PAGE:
Target Corp. is among the retailers that received letters from the New York attorney general's office requesting information on their on-call practices for employees. (Credit: Nate Grigg)
Federal trade regulators have dropped their investigation into Target Corp. over pillows that were advertised as “Made in USA” but were, in fact, manufactured in China.
In a letter to Target this week, the Federal Trade Commission said the retail giant’s Room Essentials-branded pillows were prominently marked “Made in the USA” on their exterior packaging. Consumers who purchased the pillows and opened the package reported the products were marked “Made in China.”
The agency closed its investigation without further action because Target pulled the mislabeled products from store shelves, corrected the country-of-origin information for its own-branded pillows and took steps to shore up packaging to prevent further consumer deception.
“Specifically, Target removed affected items from sales floors, hard-locked the items at the point-of-sale system so they could no longer be sold to consumers, and began work to remediate packaging,” FTC lawyer Julia Ensor wrote in the letter to Jason Walbourn, a Target assistant general counsel for regulatory, operations and investigations.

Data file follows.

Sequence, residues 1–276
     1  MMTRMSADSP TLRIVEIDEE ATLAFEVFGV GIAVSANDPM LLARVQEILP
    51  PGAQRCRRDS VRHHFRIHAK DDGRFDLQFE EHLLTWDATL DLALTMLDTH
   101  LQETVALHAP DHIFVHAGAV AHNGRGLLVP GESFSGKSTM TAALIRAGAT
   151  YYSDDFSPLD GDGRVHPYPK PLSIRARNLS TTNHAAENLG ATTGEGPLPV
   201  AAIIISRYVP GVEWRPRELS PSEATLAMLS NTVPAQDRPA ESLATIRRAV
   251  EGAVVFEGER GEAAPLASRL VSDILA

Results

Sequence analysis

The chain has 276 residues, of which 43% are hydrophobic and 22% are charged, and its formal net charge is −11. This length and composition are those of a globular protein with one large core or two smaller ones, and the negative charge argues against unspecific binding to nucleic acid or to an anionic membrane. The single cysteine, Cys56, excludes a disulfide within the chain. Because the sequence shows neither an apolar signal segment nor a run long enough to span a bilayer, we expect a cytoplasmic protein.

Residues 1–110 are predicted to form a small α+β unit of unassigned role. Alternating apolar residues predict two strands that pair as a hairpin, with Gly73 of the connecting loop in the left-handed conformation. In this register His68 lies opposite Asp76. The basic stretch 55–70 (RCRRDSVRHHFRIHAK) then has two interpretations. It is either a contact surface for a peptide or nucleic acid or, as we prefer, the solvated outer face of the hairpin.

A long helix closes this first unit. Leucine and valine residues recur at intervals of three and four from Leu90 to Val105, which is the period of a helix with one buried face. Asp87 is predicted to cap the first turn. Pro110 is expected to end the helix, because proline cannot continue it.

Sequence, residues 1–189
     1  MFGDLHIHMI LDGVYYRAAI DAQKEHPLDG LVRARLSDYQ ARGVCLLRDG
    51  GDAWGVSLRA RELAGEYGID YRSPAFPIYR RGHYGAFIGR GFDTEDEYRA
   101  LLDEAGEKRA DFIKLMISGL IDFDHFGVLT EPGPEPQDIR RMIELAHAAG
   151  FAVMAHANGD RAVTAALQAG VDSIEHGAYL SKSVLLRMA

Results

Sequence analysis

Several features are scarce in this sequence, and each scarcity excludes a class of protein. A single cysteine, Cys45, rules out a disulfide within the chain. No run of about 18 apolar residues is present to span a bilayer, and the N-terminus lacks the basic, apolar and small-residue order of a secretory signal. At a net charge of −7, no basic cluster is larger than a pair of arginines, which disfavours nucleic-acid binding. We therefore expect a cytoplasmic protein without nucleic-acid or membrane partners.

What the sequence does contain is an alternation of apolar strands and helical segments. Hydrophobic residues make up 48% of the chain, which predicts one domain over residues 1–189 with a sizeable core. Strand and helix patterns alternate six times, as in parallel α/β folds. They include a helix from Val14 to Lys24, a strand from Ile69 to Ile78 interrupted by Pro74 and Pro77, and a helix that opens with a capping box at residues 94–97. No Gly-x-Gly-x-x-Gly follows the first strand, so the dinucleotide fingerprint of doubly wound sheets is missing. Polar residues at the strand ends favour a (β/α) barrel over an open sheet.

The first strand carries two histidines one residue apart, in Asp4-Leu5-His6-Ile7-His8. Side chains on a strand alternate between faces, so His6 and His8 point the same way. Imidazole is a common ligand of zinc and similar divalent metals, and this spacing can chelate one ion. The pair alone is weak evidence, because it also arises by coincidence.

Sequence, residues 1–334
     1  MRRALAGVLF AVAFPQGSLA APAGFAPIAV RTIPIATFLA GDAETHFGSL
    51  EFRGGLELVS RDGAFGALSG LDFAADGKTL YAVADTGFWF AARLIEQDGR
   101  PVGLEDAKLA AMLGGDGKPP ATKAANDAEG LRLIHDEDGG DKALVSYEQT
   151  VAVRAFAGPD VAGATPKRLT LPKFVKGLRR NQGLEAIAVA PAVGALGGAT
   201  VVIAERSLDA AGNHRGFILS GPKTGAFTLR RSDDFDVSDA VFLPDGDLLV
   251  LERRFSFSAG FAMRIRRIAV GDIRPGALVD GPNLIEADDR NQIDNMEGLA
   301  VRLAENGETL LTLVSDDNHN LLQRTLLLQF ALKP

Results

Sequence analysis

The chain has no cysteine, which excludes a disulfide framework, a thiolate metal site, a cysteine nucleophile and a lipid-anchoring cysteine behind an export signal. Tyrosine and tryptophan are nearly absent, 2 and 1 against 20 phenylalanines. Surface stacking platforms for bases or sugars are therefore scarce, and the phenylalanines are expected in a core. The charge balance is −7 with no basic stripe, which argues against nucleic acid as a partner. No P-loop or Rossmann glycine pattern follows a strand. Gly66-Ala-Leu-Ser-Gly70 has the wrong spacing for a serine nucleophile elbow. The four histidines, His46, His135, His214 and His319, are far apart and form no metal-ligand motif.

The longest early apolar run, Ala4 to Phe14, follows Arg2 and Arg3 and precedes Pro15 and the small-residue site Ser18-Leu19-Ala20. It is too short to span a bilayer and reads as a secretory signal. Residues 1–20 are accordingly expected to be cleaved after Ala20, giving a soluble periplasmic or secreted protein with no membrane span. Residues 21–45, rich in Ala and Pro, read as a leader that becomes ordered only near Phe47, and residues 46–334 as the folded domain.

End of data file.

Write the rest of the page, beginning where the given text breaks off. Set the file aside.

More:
Companies regularly tangle with regulators over “Made in USA” claims, and the dispute flared during the presidential campaign. Then-candidate Donald Trump drew criticism for campaign hats that were manufactured overseas, and the now-president has taken to Twitter to criticize companies that have plans to relocate employee positions abroad.
To pass the FTC’s “Made in the USA” muster, a product must be “all or virtually all” manufactured in the United States. The agency’s determination hinges on the importance of any foreign parts to the overall function of a product.
The FTC in recent years ramped its push to police “Made in the U.S.A.” claims, often resolving claims through so-called staff closing letters—especially in situations in which a company took steps to address the complaints.
Target, according to the FTC, "implemented several longer-term process enhancements" to minimize inaccurate country-of-origin claims from vendors. The company brought together representatives from several teams—including the legal department, packaging and product safety and quality assurance. And the company implemented a new procedure to spot whether a proposed "Made in USA" claim meets federal guidelines.
Last year, the FTC sent 29 closing letters over “Made in the USA” claims. The agency had sent 28 closing letters for such claims in 2015—nearly double the 16 it sent in 2014. So far this year, the FTC has sent closing letters to three other companies— RGF Environmental Group Inc., Axis LED Group LLC and New Sensor Corp.
Very few companies go to court over “Made in USA” claims. Last year, the super-glue company Chemence Inc.—the Ohio-based manufacturer of KwikFix, Hammer-Tite and Flash Glue— agreed to pay $220,000 to resolve allegations that its “Made in the USA” claims deceived customers.